Kurt R.A. Giambastiani was born on December 4, 1958.
Giambiastini’s debut novel The Year of the Cloud was a finalist for the 2002 Endeavour Award. In addition to writing fiction, Giambastiani has performed as a violist in regional orchestras and works as a software developer.
“Intaglio” was published by Algis Budrys in the October 1995 issue of Tomorrow Speculative Fiction, issue #17. The story has never been reprinted.
Giambastiani’s story is set several years after a rebellion was put down on the planet Thessalon. The people of Thessalon and the city of Pellion, where the rebellion was centered, have mostly been ignored by the Central Military Forces, apart from a series of economic sanctions. The Commander of the forces that crushed the revolt, Gavin Price-George, however, takes a series of intaglios, three dimensional photographs which allow the viewer to see depth and perspective, following the revolt and has published them in the years since. To celebrate an anniversary, he returns to Pellion with a showing of his intaglios.
Price-George comes with a full military contingent and announces that he is not only throwing a party for the people of Pellion, but that trade restrictions will also be relaxed. Giambastiani’s story focuses on the differences between the way Price-George is greeted by the younger generation, which doesn’t have a memory of the war and the deaths, and the older generation, for whom the wounds are still fresh and the memories of their killed friends and families shade their dealings with Price-George. The art display drives that home as the younger generation is seeing old images, but the older generation is seeing pictures of their younger selves, often at moments of great anguish.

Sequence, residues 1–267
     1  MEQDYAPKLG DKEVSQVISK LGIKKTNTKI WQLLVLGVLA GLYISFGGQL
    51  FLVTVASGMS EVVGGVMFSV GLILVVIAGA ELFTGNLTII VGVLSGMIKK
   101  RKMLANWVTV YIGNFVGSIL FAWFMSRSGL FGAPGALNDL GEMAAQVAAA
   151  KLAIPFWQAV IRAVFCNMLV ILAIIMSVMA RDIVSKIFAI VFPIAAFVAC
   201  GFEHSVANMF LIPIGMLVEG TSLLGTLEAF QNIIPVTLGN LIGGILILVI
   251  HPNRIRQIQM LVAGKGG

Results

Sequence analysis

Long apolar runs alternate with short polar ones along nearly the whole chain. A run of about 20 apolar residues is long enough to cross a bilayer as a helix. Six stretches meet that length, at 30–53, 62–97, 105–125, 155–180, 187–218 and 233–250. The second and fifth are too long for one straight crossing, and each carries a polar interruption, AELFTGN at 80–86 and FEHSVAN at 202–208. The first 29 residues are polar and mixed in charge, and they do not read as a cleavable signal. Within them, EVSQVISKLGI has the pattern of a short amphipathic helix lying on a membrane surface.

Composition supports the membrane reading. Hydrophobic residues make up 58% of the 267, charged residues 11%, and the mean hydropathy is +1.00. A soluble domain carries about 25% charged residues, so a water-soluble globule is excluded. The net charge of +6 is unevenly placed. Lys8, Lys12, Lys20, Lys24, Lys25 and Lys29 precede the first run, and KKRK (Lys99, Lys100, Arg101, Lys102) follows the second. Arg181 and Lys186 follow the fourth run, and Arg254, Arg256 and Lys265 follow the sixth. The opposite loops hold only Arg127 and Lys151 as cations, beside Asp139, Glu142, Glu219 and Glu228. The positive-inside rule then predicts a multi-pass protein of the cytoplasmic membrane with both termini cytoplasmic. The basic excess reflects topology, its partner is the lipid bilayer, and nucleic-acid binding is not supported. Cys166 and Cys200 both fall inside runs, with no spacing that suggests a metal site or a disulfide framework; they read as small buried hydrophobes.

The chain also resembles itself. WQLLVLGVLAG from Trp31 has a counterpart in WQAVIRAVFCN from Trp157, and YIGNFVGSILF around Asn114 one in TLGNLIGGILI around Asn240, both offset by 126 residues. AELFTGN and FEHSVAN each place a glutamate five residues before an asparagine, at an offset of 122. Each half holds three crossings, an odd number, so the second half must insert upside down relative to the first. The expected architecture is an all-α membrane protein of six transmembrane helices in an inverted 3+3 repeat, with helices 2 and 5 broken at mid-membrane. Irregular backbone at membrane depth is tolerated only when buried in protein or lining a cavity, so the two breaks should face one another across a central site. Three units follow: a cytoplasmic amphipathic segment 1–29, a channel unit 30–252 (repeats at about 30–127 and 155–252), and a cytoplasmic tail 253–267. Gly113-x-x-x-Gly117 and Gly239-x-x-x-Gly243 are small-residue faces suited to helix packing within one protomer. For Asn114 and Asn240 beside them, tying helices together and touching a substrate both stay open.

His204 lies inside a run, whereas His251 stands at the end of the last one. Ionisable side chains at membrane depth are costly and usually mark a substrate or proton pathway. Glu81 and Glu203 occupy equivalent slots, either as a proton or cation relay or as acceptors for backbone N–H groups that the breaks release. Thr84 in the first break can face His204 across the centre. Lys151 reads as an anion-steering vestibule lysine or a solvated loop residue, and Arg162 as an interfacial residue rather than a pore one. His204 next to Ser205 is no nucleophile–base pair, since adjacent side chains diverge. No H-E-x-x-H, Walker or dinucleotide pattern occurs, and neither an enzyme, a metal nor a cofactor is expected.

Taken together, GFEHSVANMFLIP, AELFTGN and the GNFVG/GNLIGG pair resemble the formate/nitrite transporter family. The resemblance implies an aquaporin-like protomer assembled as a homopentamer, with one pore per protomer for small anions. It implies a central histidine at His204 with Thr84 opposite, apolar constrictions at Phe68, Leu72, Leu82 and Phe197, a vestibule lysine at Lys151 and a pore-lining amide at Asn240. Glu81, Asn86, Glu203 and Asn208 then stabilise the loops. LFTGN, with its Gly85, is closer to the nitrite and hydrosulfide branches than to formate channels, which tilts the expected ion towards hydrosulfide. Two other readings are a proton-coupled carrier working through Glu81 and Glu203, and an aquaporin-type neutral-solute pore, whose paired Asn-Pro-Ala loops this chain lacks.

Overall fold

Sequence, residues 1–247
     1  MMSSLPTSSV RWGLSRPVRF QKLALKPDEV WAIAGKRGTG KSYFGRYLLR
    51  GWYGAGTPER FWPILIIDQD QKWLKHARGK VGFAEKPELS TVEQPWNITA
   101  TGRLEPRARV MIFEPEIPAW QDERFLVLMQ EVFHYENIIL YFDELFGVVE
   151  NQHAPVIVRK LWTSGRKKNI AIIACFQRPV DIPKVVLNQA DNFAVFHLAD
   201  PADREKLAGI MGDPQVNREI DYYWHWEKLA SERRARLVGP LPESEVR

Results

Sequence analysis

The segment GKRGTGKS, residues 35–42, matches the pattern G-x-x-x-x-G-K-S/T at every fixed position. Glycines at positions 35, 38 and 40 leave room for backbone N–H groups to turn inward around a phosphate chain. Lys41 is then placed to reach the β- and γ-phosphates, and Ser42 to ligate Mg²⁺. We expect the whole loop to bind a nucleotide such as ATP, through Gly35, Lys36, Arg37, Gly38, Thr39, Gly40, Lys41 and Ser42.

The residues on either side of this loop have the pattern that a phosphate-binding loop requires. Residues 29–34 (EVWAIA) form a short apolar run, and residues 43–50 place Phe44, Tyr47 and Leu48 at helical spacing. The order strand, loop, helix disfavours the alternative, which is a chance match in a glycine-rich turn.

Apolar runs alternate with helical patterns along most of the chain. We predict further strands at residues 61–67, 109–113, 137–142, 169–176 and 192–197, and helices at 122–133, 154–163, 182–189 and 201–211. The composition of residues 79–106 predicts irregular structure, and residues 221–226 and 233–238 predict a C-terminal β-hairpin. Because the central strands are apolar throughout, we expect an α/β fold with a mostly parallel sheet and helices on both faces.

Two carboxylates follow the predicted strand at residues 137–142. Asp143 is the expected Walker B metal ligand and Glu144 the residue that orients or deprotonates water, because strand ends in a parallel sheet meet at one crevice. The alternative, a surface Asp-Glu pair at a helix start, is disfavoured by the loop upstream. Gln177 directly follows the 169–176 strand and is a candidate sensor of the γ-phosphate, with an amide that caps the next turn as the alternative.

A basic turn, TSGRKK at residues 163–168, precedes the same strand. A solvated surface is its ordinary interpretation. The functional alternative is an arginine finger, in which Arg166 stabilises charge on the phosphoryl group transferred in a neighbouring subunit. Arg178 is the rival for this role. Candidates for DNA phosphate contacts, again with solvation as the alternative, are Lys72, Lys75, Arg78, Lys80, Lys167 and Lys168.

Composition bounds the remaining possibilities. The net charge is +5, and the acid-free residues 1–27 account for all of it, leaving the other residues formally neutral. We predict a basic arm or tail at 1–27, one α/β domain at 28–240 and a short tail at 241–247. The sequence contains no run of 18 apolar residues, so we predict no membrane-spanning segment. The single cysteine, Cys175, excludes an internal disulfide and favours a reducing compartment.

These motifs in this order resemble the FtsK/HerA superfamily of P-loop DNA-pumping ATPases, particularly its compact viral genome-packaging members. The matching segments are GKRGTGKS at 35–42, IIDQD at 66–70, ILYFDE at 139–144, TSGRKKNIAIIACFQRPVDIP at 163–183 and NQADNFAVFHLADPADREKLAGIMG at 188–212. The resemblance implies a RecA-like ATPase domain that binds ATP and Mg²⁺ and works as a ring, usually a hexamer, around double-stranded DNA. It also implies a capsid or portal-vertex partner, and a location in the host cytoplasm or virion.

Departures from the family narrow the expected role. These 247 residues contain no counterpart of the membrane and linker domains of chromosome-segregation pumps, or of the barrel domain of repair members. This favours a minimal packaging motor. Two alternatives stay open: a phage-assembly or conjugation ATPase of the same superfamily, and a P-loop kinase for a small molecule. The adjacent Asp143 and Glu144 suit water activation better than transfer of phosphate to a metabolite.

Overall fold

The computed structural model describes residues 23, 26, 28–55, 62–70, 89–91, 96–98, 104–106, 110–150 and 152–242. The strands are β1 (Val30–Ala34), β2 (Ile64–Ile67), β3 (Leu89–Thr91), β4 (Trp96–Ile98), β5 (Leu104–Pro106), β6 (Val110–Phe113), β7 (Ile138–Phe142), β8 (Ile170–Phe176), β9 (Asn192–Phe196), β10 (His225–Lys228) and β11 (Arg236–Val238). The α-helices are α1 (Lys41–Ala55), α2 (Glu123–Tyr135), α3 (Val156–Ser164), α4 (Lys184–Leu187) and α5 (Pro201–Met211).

While time does create a distance in the pain, it doesn’t eradicate it entirely, and Rea Panapa, one of the older generation, points out to Price-George that whatever his purpose in returning to Thessalon might be in his own mind, he needs to consider it from the point of view of the inhabitants who were defeated and then lived under sanctions. The viewing of the pictures also caused some of the younger generation to reconsider their more welcoming attitude to the Central Forces.
In only a few short pages, Giambastiani not only sums up the different points of view of different generations and sides of a conflict, but he also points out the difficulty of fully getting past any sort of conflict and the negative reactions it leaves behind. He also explores the different ways the conquered and the conquerors can think about the conflict with one side able to be magnanimous and move on in ways the other in unable to.
Reviewed in its only appearance in the magazine Tomorrow Speculative Fiction #17, edited by Algis Budrys, October 1995.
Steven H Silver is a sixteen-time Hugo Award nominee and was the publisher of the Hugo-nominated fanzine Argentus as well as the editor and publisher of ISFiC Press for 8 years. He has also edited books for DAW and NESFA Press. He began publishing short fiction in 2008 and his most recently published story is “Webinar: Web Sites” in The Tangled Web. Steven has chaired the first Midwest Construction, Windycon three times, and the SFWA Nebula Conference 6 times, as well as serving as the Event Coordinator for SFWA. He was programming chair for Chicon 2000 and Vice Chair of Chicon 7.